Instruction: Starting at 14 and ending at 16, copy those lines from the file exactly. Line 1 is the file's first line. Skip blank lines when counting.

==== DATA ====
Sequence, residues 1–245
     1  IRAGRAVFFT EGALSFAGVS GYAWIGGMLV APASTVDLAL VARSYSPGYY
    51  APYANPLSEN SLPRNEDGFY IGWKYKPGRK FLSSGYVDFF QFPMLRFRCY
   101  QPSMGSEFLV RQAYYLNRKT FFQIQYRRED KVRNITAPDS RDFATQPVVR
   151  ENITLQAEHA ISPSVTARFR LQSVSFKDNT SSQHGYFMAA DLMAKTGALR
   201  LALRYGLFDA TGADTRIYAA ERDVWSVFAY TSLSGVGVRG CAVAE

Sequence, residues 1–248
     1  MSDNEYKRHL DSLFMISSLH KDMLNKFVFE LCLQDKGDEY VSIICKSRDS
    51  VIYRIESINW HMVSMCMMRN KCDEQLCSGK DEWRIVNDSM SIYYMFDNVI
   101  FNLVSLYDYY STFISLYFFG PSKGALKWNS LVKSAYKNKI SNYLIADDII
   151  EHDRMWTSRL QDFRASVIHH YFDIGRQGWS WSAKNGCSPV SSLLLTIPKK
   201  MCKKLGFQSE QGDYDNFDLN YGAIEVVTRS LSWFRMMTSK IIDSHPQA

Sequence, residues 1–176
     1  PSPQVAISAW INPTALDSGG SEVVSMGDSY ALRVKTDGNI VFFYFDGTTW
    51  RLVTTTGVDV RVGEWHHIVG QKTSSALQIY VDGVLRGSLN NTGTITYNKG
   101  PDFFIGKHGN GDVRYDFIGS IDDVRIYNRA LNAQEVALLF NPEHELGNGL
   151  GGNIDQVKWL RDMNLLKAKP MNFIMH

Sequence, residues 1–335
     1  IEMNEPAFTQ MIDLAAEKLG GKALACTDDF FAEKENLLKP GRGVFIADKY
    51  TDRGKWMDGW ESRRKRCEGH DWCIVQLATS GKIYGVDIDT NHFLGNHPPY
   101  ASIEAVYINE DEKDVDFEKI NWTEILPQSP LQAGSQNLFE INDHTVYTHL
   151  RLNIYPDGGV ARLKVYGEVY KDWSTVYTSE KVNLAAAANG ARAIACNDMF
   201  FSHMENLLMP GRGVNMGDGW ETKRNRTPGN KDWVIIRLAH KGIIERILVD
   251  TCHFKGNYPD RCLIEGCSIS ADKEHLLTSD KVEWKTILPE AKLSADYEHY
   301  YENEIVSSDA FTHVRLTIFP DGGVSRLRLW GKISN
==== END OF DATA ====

     1  PSPQVAISAW INPTALDSGG SEVVSMGDSY ALRVKTDGNI VFFYFDGTTW
    51  RLVTTTGVDV RVGEWHHIVG QKTSSALQIY VDGVLRGSLN NTGTITYNKG
   101  PDFFIGKHGN GDVRYDFIGS IDDVRIYNRA LNAQEVALLF NPEHELGNGL